Y. Jay Sandweiss Shihan began his Karate-do training at the Asian Martial Arts Studio in 1974. In 1977, Sandweiss Shihan went to Okinawa where he lived and trained with Grandmaster Eizo Shimabukuro for nine months. He was awarded both his first and second degree black belts by Grandmaster Shimabukuro during his time in Okinawa. When he returned to Ann Arbor in 1978, Scott Shihan asked him to become the head instructor of the University of Michigan Shorin Ryu and Shudokan Karate-do Club. He also continued to teach Karate-do at the Asian Martial Arts Studio and continued his training in Hung Gar Kung Fu and Aikido. In 1984, Sandweiss Shihan began Osteopathic School at Michigan State in East Lansing, Michigan. After graduating, he set up his medical practice in Ann Arbor and resumed his training at the Asian Martial Arts Studio. He currently holds the rank of sixth-degree black belt in both Shorin Ryu and Shudokan Karate-do, and he is a fourth-degree black belt in Aikido. He has also practiced and taught Hung Gar Kung Fu for more than 30 years.
T’ai Chi Ch’uan and Hung Gar Kung Fu at our Dojo
The core of the martial arts curriculum at Atlanta’s Traditional Okinawan Karate-do Dojo is based on Shorin Ryu and Shudokan Karate-do. Moeller Sensei teaches each of these systems in accordance with their traditional principles and emphases. He supplements this material with the martial arts that he has learned from his training in T’ai Chi Ch’uan, Hung Gar Kung Fu, and Aikido.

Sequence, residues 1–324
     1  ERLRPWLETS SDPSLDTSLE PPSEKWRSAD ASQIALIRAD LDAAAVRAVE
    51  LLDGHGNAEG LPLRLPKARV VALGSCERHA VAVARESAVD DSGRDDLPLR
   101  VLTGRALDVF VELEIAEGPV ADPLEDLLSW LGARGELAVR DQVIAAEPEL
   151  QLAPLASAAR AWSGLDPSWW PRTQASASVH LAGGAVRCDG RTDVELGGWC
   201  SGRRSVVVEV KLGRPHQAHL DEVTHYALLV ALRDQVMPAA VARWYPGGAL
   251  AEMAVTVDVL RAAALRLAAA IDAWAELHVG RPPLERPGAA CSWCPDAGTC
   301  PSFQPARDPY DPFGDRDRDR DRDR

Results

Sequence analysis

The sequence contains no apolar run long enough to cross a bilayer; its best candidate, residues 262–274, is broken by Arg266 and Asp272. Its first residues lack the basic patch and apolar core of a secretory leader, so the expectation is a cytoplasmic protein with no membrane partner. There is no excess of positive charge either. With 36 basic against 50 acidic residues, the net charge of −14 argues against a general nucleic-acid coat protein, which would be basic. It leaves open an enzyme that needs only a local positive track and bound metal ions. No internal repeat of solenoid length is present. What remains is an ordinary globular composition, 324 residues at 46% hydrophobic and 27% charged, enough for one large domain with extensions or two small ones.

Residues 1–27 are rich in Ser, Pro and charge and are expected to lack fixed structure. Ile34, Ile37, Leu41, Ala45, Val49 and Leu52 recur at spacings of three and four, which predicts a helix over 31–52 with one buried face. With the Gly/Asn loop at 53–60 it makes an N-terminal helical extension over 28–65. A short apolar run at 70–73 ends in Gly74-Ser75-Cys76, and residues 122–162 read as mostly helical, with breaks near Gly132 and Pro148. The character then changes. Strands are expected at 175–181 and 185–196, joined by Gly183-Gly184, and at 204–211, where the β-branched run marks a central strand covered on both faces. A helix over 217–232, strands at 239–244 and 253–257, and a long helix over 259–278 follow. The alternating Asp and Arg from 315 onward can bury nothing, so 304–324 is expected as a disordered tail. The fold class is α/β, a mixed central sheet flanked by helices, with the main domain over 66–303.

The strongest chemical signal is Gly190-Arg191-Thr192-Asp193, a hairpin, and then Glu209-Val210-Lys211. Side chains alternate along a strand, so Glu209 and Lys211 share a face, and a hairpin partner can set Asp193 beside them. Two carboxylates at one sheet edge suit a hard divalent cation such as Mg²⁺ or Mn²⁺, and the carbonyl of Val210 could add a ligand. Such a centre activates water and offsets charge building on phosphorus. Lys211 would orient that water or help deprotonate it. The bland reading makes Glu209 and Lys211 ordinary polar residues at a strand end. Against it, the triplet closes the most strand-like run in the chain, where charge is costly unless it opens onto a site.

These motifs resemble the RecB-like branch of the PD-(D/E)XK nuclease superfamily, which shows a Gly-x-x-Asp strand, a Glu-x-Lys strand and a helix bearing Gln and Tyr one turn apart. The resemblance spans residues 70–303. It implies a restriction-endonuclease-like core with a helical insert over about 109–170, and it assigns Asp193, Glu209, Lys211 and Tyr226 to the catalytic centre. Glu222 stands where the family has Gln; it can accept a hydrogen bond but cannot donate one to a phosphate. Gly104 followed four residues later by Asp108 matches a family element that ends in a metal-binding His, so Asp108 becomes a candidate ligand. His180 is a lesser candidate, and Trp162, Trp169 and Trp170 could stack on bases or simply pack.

Since 1993, Moeller Sensei has been studying Yang-style T’ai Chi Ch’uan with Sifu Herb Goldberg, the founder of T’ai Chi Ch’uan Atlanta. Moeller Sensei incorporates a number of the principles and drills from T’ai Chi into his teaching. These include drills that develop the student’s internal power and ability to maintain a strong but flexible “root” into the ground. The softer, more internal training from T’ai Chi Ch’uan is an excellent complement to the harder, more external training from Karate-do.
In 2006, Sifu James Olzmann, a Hung Gar Kung Fu instructor from the Asian Martial Arts Studio who was working on his doctoral degree at Emory University, began teaching Hung Gar Kung Fu as part of the Dojo’s Advanced Classes. Moeller Sensei used this opportunity to revisit his prior Hung Gar training. After Sifu Olzmann left Atlanta in 2008 to begin his post-doctoral studies at Stanford, Moeller Sensei continued to teach Hung Gar to his advanced students. Sifu Olzmann, who founded the Stanford University Hung Gar Kung Fu Club, returns to Atlanta periodically to teach special seminars. Moeller Sensei has also continued his Hung Gar training with Sifu Karl Scott at the Asian Martial Arts Studio.